Mice were preclinically infected with T. cruzi H1 parasites, then vaccinated at 7 and 14 days post infection for acute studies, or 70 and 98 days for chronic studies. It was observed that Tc24-C4/E6020 vaccination and challenge results in induction of TH1-type cellular immunity, increased host survival, diminished cardiac fibrosis and pathology, and reduced cardiac parasite loads in acutely and chronically infected mice compared to controls. Cardiac parasite burden was significantly reduced, and 60% of mice became consistently aparasitemic after treatment. Furthermore, it was observed that that vaccination during the indeterminate phase of disease induces a robust and durable antigen specific immune response resulting in reduced cardiac pathology. With respect to the combination of benznidazole with Tc24-C4/E6020, antigen specific immune responses were robust in groups receiving the vaccine, either alone or in combination with low dose benznidazole treatment.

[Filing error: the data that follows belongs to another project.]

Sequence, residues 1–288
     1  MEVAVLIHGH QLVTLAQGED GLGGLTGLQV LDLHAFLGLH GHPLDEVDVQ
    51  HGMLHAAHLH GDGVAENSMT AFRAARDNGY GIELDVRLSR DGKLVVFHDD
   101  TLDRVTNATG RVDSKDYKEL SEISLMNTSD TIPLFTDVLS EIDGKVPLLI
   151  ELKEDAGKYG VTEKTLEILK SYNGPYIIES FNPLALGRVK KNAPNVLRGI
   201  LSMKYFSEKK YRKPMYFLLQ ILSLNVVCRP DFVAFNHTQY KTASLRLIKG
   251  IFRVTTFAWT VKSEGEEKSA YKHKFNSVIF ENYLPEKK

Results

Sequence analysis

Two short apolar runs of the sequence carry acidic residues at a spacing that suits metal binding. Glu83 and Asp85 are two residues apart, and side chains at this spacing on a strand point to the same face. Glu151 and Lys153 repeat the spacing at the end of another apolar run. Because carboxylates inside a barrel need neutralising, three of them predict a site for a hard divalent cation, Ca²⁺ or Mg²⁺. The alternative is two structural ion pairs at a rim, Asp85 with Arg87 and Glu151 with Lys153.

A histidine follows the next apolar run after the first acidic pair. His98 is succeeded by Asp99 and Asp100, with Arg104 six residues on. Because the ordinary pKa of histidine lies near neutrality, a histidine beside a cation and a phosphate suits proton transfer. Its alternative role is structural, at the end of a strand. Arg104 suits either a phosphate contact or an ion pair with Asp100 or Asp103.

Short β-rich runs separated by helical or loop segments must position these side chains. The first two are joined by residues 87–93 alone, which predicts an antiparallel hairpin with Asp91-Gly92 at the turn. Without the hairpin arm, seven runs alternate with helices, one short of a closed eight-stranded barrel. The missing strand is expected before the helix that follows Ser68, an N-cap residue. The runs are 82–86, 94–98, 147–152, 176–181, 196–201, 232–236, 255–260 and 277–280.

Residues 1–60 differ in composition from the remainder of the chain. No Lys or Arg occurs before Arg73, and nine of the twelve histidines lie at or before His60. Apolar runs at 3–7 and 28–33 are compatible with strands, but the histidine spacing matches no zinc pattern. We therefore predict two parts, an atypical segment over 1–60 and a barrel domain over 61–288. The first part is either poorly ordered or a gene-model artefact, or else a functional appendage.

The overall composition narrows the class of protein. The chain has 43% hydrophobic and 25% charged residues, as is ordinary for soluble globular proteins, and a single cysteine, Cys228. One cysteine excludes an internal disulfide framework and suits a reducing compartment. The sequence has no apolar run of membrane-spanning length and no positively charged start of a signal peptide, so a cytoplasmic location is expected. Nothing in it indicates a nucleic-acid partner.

As the next step, the Sabin PDP will proceed with a cGMP campaign for Tc24-C4/E6020 and conduct a GLP toxicology study. To assess the suitability for human translation, the Sabin PDP will conduct an immunogenicity study in chronic naturally-infected non-human primates to reproduce and assess results in an animal model closely resembling human disease.